Targeted sequencing for 8 genes (B2M, BTG2, CARD11, CD79B, MYD88, PIM1, PRDM1, and TNFAIP3) was done in 9 IVLBCL patients with paired samples based on literature data (Online Supplementary Table S1) using the Ion Torrent Personal Genome Machine (Thermo Fisher Scientific). Mutational analysis to detect MYD88 mutation c.794T>C, p.Leu265Pro, (L265P MYD88) was performed using droplet digital PCR (ddPCR) assays (Bio-Rad) for 46 samples collected from 27 patients. See Online Supplementary Methods for further information.
Patient characteristics are summarized in Table 1 and described in more detail in Online Supplementary Table S2. All cases were categorized as the non-GCB according to Hans classification (Online Supplementary Table S3). The diagnostic yield of initial RSB was 78.9% (16/21). For 1 patient with a negative result at the initial biopsy, a second RSB was performed, which led to the diagnosis of IVLBCL. Initial BMB detected infiltration of lymphoma cells in 48.1% (13/27) patients, but repetition of BMB increased successful detection rate up to 66.7% (18/27). Sensitivity of conventional diagnostic tests in our cohort largely followed the results of a prior report except for a lower detection rate in bone marrow aspiration.7 FDG PET/CT (F-fluorodesoxyglucose positron emission tomography/computed tomography) demonstrated increased FDG uptake in 78.6% (11/14) patients.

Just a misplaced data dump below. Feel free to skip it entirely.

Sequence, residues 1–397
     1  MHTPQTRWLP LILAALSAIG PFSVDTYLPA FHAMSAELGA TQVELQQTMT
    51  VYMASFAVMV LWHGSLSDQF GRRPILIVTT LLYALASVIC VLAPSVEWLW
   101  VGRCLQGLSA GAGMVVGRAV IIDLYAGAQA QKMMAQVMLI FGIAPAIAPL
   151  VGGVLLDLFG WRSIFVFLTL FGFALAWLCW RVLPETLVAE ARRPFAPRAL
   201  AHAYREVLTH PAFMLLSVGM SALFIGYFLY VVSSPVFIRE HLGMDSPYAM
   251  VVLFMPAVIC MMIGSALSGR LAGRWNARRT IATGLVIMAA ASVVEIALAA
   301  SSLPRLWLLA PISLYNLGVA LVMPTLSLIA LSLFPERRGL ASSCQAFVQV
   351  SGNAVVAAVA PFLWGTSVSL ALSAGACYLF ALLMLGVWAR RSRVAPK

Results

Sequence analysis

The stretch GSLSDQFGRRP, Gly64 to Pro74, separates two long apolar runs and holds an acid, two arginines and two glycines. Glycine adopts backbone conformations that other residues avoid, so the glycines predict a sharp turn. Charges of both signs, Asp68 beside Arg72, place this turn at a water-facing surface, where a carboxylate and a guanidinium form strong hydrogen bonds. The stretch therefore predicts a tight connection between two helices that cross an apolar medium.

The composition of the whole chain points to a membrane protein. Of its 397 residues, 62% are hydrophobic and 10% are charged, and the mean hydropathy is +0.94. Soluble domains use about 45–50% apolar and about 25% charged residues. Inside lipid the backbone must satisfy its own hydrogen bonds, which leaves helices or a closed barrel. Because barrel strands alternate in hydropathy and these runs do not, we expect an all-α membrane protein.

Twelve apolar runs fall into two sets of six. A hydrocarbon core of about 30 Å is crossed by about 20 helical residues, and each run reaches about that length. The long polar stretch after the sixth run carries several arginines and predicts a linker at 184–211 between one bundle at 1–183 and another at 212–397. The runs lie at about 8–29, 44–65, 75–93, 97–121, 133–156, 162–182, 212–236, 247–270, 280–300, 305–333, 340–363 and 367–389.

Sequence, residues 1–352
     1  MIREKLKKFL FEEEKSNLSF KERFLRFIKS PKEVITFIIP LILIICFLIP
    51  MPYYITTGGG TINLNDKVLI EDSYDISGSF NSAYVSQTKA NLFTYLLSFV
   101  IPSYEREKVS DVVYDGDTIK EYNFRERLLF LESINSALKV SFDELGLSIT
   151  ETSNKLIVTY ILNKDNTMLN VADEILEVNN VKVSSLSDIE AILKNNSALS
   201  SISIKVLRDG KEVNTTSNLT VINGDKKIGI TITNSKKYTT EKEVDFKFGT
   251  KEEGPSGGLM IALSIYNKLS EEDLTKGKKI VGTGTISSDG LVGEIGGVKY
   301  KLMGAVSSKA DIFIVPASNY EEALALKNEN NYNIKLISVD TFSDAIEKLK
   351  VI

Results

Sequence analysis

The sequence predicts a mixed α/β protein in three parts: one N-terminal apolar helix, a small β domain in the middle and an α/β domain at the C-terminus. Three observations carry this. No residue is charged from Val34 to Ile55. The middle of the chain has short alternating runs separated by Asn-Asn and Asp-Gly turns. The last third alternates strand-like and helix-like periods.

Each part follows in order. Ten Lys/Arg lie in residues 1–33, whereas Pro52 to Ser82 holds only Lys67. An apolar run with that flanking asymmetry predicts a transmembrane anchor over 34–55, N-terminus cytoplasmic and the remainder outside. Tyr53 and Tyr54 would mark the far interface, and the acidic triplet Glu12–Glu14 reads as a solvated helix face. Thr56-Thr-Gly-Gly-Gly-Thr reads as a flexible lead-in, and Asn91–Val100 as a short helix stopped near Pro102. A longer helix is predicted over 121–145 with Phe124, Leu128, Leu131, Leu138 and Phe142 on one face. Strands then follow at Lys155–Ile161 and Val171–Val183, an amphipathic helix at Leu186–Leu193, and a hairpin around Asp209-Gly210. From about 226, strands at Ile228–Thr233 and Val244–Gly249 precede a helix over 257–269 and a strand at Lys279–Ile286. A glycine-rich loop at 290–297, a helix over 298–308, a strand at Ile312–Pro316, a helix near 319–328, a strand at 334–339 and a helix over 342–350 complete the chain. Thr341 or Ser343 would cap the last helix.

We extracted cfDNAs from 10 plasma and 28 serum samples at various time points (Online Supplementary Table S4). The median concentrations were 91.3 ng/ml (range, 19.1–2900.0 ng/ml). Nine cfDNAs from 4 plasma and 5 serum samples obtained at diagnosis were analyzed in targeted sequencing.